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'We can build on that and get better': Positives in Irish game keeps Murray confident
A point dropped, but Ireland have won back-to-back titles with a defeat under their belts.

AFTER 80 TOUGH minutes at home to Wales, scrum-half Conor Murray was tired, but contented enough with the effort put in by an injury-hit Ireland team.

With the body count into double figures before today, half-back was one of the few areas untouched by the plague of injuries Ireland are suffering. Yet, such was the tightness of the final minutes of the game, Joe Schmidt felt unable to spring Kieran Marmion from the bench and replace his starting nine.

Even so, Murray wasn’t too tired to clearly outline his mood post-match.

“Probably more happy I would say. And I’m not afraid saying that,” the scrum-half responded when given the simple option of happy or sad.

“I think we played quite well, and I thought we opened really well in the first 30 minutes.

“It was disappointing letting them back in the last 10 minutes before half-time. The second-half was a little bit more even, we defended well and counter-attacked well too.

“Overall I think we’re pleased that we’ve shown a little bit of what we know we can do, and we’ve proved it a little bit out there today.”

Chief among those positives to take to Paris will be an enormous effort in defence characterised by some huge tackles, a breakdown effort that remained strong close to the touchline and a depth chart of back rows that looks stronger and stronger.

Conor Murray and Andrew Trimble chase down Taulupe Faletau Colm O'Neill / INPHO Colm O'Neill / INPHO / INPHO

On the negative side, Murray pin-points some loose kicking from hand that invited pressure just when Ireland could potentially have pulled out of sight.

“I think we struggled in the last 10 minutes of the first-half to get out of our half.

“There were a couple of kicks out on the full, including one by me. That’s quite annoying, and we’ll be working hard on that this week.”

Asked to speak for his pack’s performance in that 10-minute window, he added:

“I’m no expert on scrums but they certainly had a few dominant scrums Wales, that was clear to see. But in the second-half we did get a few dominant ones of our own. But that would be another area we’ll try to grow and get better as the tournament goes on.”

Growth and improvement from a neutral result will be a theme for Ireland in the week ahead. The draw may have left Wales hugely frustrated, but the champions can focus on France knowing a win will keep them firmly on track in the title defence and put them top of the early table before Scotland and Wales kick off in Cardiff.

“Definitely, definitely,” Murray agreed to the point that the Championship is within Ireland’s control.

Whatever about the draw, you’re still in the hunt. But performance-wise it was a good way to start and I think we can build on that and get better.”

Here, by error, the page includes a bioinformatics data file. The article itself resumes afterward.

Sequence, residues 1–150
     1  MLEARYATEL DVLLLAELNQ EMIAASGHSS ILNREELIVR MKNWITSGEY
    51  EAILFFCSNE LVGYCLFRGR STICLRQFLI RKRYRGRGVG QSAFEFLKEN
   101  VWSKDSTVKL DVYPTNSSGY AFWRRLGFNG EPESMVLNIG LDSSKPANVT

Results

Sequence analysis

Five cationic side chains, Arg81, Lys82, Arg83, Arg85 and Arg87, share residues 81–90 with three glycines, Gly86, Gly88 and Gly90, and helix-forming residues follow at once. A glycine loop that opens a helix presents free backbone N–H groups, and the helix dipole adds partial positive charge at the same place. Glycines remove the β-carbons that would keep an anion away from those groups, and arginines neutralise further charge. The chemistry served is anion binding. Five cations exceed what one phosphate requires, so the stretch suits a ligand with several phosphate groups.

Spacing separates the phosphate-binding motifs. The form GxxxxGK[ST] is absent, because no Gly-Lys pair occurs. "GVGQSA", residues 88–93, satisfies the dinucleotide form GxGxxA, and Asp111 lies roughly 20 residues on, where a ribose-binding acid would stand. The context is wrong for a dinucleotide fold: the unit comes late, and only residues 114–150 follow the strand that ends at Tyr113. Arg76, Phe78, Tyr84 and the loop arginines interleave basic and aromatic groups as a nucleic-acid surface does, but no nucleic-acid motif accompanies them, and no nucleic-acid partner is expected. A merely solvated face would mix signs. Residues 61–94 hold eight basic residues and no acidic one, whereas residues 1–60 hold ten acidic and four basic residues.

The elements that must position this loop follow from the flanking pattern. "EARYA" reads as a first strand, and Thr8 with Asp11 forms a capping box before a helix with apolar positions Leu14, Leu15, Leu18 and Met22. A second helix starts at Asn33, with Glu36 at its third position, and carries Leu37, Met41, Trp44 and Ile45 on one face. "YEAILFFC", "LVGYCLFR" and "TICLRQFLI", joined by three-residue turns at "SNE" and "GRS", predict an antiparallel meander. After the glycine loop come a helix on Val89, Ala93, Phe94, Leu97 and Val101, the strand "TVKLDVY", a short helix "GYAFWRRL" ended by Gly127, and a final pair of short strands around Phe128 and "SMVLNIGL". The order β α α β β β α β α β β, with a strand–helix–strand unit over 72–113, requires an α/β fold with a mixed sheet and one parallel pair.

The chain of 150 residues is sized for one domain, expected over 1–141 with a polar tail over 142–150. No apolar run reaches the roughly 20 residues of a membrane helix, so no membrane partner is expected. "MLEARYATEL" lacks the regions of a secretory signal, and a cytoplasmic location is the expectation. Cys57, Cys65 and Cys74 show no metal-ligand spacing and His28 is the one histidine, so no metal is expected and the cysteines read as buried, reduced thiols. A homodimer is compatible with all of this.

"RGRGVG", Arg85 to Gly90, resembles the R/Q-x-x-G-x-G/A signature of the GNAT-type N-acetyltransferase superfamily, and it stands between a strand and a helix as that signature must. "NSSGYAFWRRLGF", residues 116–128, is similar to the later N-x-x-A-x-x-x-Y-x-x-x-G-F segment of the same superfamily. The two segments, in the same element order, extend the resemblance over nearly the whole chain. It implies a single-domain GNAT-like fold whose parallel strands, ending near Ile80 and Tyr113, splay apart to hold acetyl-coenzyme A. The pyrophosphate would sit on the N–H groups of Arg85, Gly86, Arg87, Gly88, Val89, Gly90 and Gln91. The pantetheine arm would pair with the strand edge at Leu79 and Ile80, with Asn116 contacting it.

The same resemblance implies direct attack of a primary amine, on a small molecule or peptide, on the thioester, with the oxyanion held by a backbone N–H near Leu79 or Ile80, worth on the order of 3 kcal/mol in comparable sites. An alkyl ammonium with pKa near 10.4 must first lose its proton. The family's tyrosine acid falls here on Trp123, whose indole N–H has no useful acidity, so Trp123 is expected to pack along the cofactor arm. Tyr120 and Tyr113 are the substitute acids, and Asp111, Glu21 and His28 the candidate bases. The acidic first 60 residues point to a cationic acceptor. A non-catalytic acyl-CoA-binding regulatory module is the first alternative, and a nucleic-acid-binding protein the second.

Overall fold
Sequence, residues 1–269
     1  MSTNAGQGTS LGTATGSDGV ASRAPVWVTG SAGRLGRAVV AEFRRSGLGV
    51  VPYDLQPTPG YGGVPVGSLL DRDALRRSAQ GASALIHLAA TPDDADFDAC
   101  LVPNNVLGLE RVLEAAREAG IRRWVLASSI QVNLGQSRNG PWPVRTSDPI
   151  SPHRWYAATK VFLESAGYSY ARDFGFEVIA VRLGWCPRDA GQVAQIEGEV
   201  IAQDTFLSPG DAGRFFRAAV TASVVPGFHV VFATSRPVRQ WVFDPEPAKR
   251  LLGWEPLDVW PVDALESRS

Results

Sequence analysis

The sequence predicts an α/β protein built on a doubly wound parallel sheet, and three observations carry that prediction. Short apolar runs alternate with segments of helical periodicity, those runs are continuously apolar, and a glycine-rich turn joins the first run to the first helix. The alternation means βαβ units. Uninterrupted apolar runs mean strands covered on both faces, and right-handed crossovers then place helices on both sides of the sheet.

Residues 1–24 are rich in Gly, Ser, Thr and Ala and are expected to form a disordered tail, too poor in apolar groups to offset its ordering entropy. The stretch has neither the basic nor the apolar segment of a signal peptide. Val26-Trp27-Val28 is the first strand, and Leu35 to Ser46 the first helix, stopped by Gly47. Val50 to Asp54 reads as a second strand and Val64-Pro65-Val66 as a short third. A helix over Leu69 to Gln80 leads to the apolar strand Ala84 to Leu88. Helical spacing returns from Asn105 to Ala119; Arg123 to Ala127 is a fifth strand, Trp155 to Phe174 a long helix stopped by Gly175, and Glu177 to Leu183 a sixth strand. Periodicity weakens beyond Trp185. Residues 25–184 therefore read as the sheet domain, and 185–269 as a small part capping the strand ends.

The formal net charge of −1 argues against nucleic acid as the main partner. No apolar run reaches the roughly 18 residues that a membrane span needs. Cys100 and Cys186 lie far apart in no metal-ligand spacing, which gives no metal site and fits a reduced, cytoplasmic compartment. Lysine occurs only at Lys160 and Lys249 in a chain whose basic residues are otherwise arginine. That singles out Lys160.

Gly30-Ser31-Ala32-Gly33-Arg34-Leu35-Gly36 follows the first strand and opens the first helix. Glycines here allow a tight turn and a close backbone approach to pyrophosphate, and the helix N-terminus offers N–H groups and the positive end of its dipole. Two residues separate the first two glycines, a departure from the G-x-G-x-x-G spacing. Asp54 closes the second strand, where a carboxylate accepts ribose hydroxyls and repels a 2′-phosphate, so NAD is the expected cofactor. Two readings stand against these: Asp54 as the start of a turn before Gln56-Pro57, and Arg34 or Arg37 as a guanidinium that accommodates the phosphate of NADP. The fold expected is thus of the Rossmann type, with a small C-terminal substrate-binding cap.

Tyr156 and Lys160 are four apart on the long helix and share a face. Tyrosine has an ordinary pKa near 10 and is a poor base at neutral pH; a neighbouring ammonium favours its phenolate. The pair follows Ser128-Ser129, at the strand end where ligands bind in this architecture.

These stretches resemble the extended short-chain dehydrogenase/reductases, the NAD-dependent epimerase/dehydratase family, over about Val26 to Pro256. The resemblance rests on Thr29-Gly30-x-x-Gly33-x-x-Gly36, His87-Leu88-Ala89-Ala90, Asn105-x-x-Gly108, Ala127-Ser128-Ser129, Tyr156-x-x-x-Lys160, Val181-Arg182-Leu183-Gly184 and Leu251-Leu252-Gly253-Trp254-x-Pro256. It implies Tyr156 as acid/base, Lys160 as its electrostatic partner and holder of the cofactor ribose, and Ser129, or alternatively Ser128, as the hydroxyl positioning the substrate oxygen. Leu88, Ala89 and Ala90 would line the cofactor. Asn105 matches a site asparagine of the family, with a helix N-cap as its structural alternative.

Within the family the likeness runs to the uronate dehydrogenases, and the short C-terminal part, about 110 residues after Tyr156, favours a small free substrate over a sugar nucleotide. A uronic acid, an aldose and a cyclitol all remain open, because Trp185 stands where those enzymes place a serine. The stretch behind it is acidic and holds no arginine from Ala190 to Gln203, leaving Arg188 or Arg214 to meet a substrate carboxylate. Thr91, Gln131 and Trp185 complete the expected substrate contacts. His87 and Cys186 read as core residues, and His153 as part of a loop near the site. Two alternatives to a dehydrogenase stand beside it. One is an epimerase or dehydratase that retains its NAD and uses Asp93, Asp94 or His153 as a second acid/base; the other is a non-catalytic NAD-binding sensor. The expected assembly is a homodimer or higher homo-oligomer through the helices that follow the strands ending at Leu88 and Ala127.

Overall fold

“I thought we closed the line, defended really well and made a lot of dominant tackles which is always a big challenge against a side like Wales with some many big guys and strong runners in their backline.”

Having been part of a struggling provincial season that came on the back of a dispiriting Rugby World Cup quarter-final exit, Murray and his team-mates have always maintained a confident outward demeanour. Despite the high-profile absentees, today’s performance went some way to backing up that confidence, even if they didn’t manage to twist the knife when Wales trailed by 13.

Conor Murray puts the ball into the scrum Colm O'Neill / INPHO Colm O'Neill / INPHO / INPHO

“The feeling outside the group has been like that (pessimistic), with players missing.

“That does filter into the camp, whether you stay from the media or whatever, because your family will read and listen to everything.

“We’re a confident group. Yes there’s a few changes and people missing, but the lads that have stepped up have been in camp and have been here before.

They know what to expect of Joe and really, they’ve gone out and proved that they can play well within the system. A new group will always be different, and you’ll always wonder how you’ll go slightly, no matter how experienced you are.

“But I thought we did quite well there, played well, the lads who haven’t been in the team performed well. And we’ll look to build on that for next week.

“There’s always work to do and I’m sure Joe and the coaches will look at the game tonight, and look to sure up a few of those little areas that weren’t quite as tight as they should have been.”

Nowhere near as tight as the game.

Six Nations drama, Schmidt’s hard-hitting wings and more Ireland talking points

‘We had the game won’: Wales leave Dublin frustrated with point dropped

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